Depletion Forces Due to Image Charges Near Dielectric Discontinuities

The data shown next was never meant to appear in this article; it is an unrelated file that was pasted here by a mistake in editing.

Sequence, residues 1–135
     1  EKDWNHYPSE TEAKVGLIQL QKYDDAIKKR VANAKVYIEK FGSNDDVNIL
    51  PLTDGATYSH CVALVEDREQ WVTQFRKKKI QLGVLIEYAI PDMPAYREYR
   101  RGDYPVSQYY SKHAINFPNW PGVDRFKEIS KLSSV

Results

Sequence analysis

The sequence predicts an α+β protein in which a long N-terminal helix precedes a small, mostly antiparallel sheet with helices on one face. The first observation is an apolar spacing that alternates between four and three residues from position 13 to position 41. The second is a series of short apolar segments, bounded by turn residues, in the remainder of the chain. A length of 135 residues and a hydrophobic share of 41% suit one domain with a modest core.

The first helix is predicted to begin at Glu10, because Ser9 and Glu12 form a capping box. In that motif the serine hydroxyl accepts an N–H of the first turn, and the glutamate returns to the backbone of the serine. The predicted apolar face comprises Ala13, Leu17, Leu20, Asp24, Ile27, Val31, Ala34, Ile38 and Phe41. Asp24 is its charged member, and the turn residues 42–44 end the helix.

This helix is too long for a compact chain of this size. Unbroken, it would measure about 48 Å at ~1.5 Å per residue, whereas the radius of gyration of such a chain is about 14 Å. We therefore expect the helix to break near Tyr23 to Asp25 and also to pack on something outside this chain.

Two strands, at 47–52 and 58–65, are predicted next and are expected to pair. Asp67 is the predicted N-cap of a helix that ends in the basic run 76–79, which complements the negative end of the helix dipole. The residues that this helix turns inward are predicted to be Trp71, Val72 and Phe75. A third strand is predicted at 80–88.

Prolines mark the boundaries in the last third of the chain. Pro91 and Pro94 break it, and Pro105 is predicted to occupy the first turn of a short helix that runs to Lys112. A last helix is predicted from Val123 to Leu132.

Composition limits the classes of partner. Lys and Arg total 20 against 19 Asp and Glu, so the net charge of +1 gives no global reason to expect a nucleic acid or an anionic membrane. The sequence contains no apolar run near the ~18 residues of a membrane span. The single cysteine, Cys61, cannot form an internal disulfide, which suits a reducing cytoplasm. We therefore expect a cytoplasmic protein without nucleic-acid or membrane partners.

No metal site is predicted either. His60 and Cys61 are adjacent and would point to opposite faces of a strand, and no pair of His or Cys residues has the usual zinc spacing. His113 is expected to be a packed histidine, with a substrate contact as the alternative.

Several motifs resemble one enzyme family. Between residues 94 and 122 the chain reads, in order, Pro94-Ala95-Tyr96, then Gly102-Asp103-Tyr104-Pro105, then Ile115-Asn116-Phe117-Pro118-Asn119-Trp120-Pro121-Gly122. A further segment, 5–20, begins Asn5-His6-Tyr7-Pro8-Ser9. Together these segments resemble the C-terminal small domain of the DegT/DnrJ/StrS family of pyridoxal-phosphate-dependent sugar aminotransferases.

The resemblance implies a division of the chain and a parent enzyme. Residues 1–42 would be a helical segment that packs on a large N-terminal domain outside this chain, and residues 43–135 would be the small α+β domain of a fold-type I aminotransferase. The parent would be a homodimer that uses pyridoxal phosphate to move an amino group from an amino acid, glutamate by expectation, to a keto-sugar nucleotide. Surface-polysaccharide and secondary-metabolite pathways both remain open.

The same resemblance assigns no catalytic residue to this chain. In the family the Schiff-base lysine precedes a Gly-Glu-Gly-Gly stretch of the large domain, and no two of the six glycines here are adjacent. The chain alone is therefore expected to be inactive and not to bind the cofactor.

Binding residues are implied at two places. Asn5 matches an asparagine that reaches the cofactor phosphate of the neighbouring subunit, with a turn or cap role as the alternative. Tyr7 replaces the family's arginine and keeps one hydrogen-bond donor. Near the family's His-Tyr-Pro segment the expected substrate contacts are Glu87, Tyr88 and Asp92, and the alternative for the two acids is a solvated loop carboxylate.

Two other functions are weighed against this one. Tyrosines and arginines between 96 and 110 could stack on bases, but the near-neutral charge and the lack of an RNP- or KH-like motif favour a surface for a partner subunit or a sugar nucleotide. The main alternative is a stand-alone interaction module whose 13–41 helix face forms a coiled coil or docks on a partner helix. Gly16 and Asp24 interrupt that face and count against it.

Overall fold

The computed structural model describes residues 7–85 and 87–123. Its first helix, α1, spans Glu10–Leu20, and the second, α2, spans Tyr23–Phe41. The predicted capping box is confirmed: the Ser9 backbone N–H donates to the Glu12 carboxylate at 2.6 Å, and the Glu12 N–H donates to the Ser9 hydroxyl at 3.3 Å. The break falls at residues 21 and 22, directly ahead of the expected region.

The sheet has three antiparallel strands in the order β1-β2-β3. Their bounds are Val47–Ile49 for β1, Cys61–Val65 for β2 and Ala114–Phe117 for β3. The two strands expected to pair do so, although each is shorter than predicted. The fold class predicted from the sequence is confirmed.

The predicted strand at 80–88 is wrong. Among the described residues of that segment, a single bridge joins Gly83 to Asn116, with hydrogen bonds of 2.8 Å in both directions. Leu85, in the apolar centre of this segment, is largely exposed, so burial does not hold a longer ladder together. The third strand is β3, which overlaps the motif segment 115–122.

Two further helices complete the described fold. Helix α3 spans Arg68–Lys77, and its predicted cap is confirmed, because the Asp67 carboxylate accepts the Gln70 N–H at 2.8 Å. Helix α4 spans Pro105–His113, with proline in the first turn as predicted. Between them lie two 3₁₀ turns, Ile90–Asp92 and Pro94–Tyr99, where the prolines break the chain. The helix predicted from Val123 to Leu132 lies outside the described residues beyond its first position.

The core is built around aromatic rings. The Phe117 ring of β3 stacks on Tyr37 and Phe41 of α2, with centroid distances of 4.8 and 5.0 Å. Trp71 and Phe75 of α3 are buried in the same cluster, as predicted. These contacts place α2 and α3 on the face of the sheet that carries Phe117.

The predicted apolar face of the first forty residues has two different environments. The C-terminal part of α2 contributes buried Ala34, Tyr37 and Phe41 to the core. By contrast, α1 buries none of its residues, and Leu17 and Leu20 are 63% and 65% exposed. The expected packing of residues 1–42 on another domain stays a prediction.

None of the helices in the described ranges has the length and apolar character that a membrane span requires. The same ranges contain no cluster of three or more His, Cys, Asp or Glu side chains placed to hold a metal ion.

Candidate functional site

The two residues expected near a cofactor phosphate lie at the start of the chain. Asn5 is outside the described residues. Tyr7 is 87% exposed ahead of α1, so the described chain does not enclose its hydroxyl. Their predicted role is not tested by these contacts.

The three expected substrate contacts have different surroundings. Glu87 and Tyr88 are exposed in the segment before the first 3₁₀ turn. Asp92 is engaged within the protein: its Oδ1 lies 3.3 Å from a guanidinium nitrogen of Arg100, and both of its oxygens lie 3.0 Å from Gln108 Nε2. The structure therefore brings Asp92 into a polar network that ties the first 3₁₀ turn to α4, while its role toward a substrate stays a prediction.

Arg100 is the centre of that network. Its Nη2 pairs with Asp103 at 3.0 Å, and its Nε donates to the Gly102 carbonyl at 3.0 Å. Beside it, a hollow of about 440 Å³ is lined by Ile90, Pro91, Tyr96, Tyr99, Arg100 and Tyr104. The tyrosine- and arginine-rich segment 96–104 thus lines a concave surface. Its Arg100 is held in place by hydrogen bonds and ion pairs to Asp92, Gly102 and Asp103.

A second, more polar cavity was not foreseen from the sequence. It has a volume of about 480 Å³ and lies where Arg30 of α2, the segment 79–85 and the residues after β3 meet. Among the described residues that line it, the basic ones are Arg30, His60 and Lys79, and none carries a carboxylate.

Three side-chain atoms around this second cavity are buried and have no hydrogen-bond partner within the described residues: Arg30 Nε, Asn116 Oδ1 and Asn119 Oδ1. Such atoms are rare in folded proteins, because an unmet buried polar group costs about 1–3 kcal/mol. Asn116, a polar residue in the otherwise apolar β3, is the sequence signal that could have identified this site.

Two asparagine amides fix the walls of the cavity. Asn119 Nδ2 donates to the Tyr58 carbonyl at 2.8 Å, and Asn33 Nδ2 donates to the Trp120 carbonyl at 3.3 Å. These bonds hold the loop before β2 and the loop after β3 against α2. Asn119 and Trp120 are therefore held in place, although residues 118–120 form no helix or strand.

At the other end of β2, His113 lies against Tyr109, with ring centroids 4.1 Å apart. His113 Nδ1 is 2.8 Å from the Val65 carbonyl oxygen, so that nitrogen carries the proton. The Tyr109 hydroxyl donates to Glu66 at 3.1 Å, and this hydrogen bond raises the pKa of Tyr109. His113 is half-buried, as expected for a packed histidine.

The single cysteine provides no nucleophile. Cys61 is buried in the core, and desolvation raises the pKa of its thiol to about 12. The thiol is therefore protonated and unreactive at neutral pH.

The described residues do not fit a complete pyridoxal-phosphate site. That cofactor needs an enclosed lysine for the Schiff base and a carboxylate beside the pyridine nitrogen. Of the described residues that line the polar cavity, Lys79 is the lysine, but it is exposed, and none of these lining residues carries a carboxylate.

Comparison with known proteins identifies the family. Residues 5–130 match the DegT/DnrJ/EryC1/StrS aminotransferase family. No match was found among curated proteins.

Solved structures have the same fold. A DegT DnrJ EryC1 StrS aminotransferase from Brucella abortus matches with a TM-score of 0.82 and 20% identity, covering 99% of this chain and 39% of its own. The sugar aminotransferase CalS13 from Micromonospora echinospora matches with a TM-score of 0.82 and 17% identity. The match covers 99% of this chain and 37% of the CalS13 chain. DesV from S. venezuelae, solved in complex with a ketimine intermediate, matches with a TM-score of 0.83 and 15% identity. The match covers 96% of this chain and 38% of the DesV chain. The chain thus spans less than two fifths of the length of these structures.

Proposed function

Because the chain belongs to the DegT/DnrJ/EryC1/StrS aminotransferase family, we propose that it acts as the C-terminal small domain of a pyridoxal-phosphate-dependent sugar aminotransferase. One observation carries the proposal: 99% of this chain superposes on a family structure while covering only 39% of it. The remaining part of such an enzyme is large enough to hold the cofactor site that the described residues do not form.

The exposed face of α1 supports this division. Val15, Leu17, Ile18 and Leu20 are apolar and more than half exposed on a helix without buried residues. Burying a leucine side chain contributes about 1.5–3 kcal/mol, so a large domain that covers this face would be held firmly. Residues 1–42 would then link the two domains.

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Depletion forces due to image charges near dielectric discontinuities Robin A. Curtisa, Leo Lueb,∗ a School of Chemical Engineering and Analytical Science, The University of Manchester Oxford Road, Manchester M13 9PL, United Kingdom b Department of Chemical and Process Engineering, University of Strathclyde James Weir Building, 75 Montrose Street, Glasgow G1 1XJ, United Kingdom Abstract The depletion force is an eﬀective inter-particle attractive interaction that is en- tropically driven by the exclusion of co-solvent molecules. For large co-solvents, such as polymers, the exclusion is primarily driven by excluded volume interac- tions. However, the exclusion of co-solvents, such as electrolytes, can be caused by other mechanisms. In this review, we summarize the literature on inter- particle depletion forces that arise from repulsive image-charge forces between low-dielectric particles and electrolytes. In particular, we emphasize the results from a variational perturbation theory for describing the salting-out behavior observed in moderately concentrated salt solutions. The theory predicts an unscreened force with a range given by the Bjerrum length and a magnitude proportional to the osmotic pressure of the salt solution. The force becomes sig- niﬁcant at the same salt concentration where salting-out behavior is typically observed. Keywords: depletion force, dielectric, electrolyte, colloids 1. Introduction The depletion force was originally used to describe the attraction between colloidal particles induced by the addition of small polymer molecules [1]. In ∗Corresponding author Email address: [email protected] ( Leo Lue ) Preprint submitted to Curr. Opin. Colloid Interface Sci. December 1, 2014 this case, the force is driven by polymer exclusion from the colloidal particles. 5 The excluded volume of the colloids restricts the space available to the polymer molecules. The net exclusion volume decreases as colloids approach each other, giving rise to a net inter-colloid attractive force, with a range and magnitude determined by the polymer size and the polymer osmotic pressure, respectively. Excluded volume interactions are one mechanism that gives rise to an ef- 10 fective inter-colloid depletion force. However, any situation where co-solvents (e.g., polymers) are driven from the surface of a colloidal particle can lead to an entropically driven attraction between the colloids. In this work, we review and discuss the depletion of ions from a dielectric interface due to image-charge in- teractions. This depletion of ions leads to an eﬀective attraction between larger 15 colloidal particles. We discuss the similarities and diﬀerences between depletion forces driven by image-charge forces and by excluded volume interactions. 2. Image-charge interactions 2.1. Planar interfaces Consider a planar interface located at z = 0 which separates two mediums with dielectric constants equal to "0 and " as shown schematically in Fig. 1. The medium to the left corresponds to a particle, which is inaccessible to electrolytes. The right side is referred to as the solvent and contains electrolytes (co-solvent). A point charge with magnitude q located a distance d from the interface will induce a surface charge due to the diﬀerence in polarizabilities between the two media. For an isolated planar interface, the potential of the induced surface charge is identical with that of a point charge of magnitude q0 = ∆q, where ∆ = (" − "0)=(" + "0), located at z = −d, in the absence of the dielectric discontinuity [2]. The interaction energy u(r) of the ion with the induced surface charge is ∆l βu(r) = B ; (1) 2z −1 where β = (kBT ) , kB is the Boltzmann constant, T is the absolute tempera- 2 20 ture of the system, and lB = βq =" is the Bjerrum length. If q is the elementary 2 ◦ charge, then lB ≈ 7 A˚ for water at 25 C. Figure 1: Schematic diagram of a point charge near a planar dielectric interface. There is an eﬀective ion-interface attraction when the dielectric constant of the particle is higher than that of the solvent (i.e. "0 > "). Conversely, if the dielectric constant of the particle is lower (i.e. "0 < "), then the ion is repelled 25 from the interface. The strength of the interaction varies as the square of the ion valency but is independent of the sign of the ion charge. The image force causes a layer of ion depletion about the interface, deﬁned by a depletion length of roughly l = ∆lB=2, the distance at which the image-charge interaction is of order kBT . 30 2.2. Spherical geometries The strength of the image-charge interaction depends on the geometry of the dielectric interface. As an illustrative example, consider a single sphere with a dielectric constant "0 embedded in a solvent of dielectric constant ". The presence of charge induces a surface charge on the dielectric interface. For a 3 point charge located a distance r from the center of the dielectric sphere, the potential generated by the induced surface charge can be represented by the sum 2 of a point charge of magnitude qK = ∆q(R=r) located at a distance rK = R =r from the center of the sphere and a line charge stretching from the center of the sphere to rK with a linear charge density [3, 4, 5, 6] r 1−ζ λ (x) = −∆qζ K (2) K x where x is the distance from the center of the sphere, η = "0=", and ζ = (1+η)−1. In the limit that "0 " or "0 ", the expressions for the Green's function and ion self energy can be written in closed form [3, 4, 6]. The self energy in this case is exactly given by l R2 βu(r) = B + ln(1 − R2=r2) : (3) R r2 − R2 The image-charge interaction approaches that of a plane when the distance from the point charge to the surface is much less than the sphere radius. In general, the image-charge interaction for the dielectric sphere is weaker than that for the 35 plane. When a point charge is inside a sphere of dielectric constant " that is sur- rounded by a medium of dielectric constant "0, the image charge can again be represented as a point charge and a line charge. The point charge has magni- 2 tude qK = ∆qR=r and is located at a distance rK = R =r from the center of 40 the sphere. The line charge stretches from the point rK outside the sphere to inﬁnity and has a linear charge density given by Eq. (2). 2.3. Other geometries For other more complex geometries, the potential generated by the induced charge cannot be easily represented in terms of simple image charge distribu- tions. The key quantity in these electrostatic problems is the Green's function G(r; r0) of the Poisson equation [2] 1 − r · ["(r)rG(r; r0)] = δd(r − r0); (4) 4π 4 where δd(r − r0) is the d-dimensional Dirac delta function. The Green's function gives the electric potential of a point charge under a given set of boundary conditions. The potential generated by a general charge distribution Q(r) is given by Z φ(r) = dr0G(r; r0)Q(r): (5) The Green's function can be represented as 0 0 0 G(r; r ) = Gfree(r; r ) + δG(r; r ) (6) 0 0 −1 where Gfree(r; r ) = ("jr − r j) is the Green's function in the absence of any 0 45 dielectric bodies, and δG(r; r ) represents the inﬂuence of any dielectric bodies in the system. Although analytical expressions do exist for general geometries, most require intensive computation, and, consequently, have limited value to direct simula- tions of systems containing electrolytes. The key challenge in the simulation and 50 theoretical analysis of problems near dielectric interfaces is the development of new analytical expressions or algorithms for rapidly calculating the Green's function. Recently, several computational algorithms have been developed that eﬃciently evaluate the electrostatic interaction for arbitrary distributions of the dielectric constant. [7, 8, 9, 10, 11]. For collections of spheres, a fairly eﬃ- 55 cient quadrature method to integrate the image-charge interactions has been proposed [12, 13]. In order to account for the dispersion interaction, however, further work is required to numerically evaluate the determinant of the Green's function. 3. Electrolytes near dielectric bodies 60 3.1. Ion depletion For a symmetric electrolyte solution near a neutral dielectric surface, the average cation charge density will be identical to the average anion charge den- sity. As a consequence, there will be no charge separation, and the system will 5 be everywhere neutral on average. Within mean ﬁeld theories, the ion density 65 proﬁles are considered only in an average manner, and, consequently, there will be no repulsion of ions from a low-dielectric interface. Thus, one has to go be- yond mean ﬁeld theories, such as the Poisson-Boltzmann theory, and allow for ﬂuctuations in ion densities to account for ion depletion. In early theoretical approaches [14, 15], the image-charge interaction was 70 included explicitly by using an additional one-body interaction. More recent theories account for correlations between ions, as well as between ions and the dielectric interface, using various methods, such as the self-consistent Born- Green-Yvon equation [16, 17, 18], the hypernetted-chain approximation [19, 20], loop expansions [21, 22, 23], variational perturbation theory [24, 25], strong cou- 75 pling expansions [26], among many others. These correlations lead to deviations from the mean ion proﬁles. Applying these approaches to describe the behavior of small colloids such as proteins or spherical micelles requires determining the eﬀect of curvature on the interfacial behavior. This has been taken into account using a variational 80 perturbation theory. Figure 2 shows the ion density proﬁle, as calculated using variational perturbation theory [24], around a sphere of radius R and dielectric constant "0 immersed in a symmetric electrolyte (the co-solvent) dissolved in a solvent with dielectric constant ", where "0 ".